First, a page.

Treatment of hypoactive sexual desire disorder in premenopausal women: efficacy of flibanserin in the VIOLET Study.J Sex Med 2012; 9(4):1074-85JS
Hypoactive sexual desire disorder (HSDD) is the most common form of female sexual dysfunction and is characterized by low sexual desire that causes distress.
The aim of this study was to assess the efficacy and safety of flibanserin, a postsynaptic 5-HT(1A) agonist/5-HT(2A) antagonist, in premenopausal women with HSDD.
North American premenopausal women with HSDD were randomized to 24 weeks' treatment with placebo (N = 295), flibanserin 50 mg (N = 295), or flibanserin 100 mg (N = 290), once daily at bedtime.
MAIN OUTCOME MEASURES
Coprimary endpoints were change from baseline to study end in number of satisfying sexual events (SSE) and sexual desire score measured daily using an electronic diary (eDiary). Secondary endpoints included change from baseline to study end in female sexual function index (FSFI) desire domain and total scores, female sexual distress scale-revised (FSDS-R) Item 13 and total scores, and patient's global impression of improvement.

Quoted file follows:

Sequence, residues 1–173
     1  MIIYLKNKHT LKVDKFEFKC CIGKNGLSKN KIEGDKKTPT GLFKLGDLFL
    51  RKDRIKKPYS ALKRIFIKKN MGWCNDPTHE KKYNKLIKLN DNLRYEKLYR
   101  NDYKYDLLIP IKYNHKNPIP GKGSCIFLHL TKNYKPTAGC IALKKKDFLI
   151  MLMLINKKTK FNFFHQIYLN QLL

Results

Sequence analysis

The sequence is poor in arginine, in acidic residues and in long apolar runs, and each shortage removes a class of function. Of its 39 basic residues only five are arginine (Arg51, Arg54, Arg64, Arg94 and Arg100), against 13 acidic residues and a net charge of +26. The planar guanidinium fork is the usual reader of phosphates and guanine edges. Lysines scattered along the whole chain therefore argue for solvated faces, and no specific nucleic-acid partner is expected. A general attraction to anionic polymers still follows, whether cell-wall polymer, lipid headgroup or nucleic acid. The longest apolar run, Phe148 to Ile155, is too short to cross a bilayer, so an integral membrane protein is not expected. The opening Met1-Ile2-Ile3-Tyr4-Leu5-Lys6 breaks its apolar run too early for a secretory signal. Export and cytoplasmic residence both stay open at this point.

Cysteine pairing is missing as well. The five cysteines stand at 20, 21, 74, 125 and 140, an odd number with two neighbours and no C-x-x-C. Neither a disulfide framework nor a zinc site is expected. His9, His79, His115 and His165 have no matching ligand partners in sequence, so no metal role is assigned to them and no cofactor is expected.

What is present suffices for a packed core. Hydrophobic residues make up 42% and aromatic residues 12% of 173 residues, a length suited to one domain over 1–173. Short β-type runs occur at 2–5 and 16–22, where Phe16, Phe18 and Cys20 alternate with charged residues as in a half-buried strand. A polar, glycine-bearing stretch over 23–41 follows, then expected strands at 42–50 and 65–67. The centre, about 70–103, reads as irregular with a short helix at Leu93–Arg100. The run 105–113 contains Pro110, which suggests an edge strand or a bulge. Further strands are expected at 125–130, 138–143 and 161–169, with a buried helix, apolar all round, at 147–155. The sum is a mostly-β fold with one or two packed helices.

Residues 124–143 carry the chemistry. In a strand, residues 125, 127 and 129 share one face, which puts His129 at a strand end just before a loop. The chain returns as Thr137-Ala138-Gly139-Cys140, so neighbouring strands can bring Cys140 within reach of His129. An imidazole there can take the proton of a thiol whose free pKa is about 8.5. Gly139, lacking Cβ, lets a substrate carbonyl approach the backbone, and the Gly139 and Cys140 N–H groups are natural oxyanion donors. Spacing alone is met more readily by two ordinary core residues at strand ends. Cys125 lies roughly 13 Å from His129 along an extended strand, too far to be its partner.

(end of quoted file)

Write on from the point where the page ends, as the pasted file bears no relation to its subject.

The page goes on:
Flibanserin 50 mg and 100 mg led to increases in SSE (P < 0.05 and P < 0.01 vs. placebo, respectively). There was a numerical trend toward improvement in eDiary desire score on flibanserin 100 mg, but statistical significance was not reached (P = 0.07 vs. placebo). FSFI desire domain and total scores increased with both flibanserin regimens (P < 0.05). FSDS-R total and Item 13 scores decreased with flibanserin 100 mg (P < 0.001), indicating reduced sexual distress. More women receiving flibanserin 50 mg and 100 mg considered their HSDD to have improved than women receiving placebo (39.6% and 50.0% vs. 30.3%, respectively) (P < 0.05).
In premenopausal women with HSDD, flibanserin 50 mg and 100 mg once daily at bedtime were well tolerated and associated with statistically significant improvements in SSE, sexual desire (FSFI desire domain score but not eDiary desire score) and overall sexual function, and reduction of sexual distress, vs. placebo.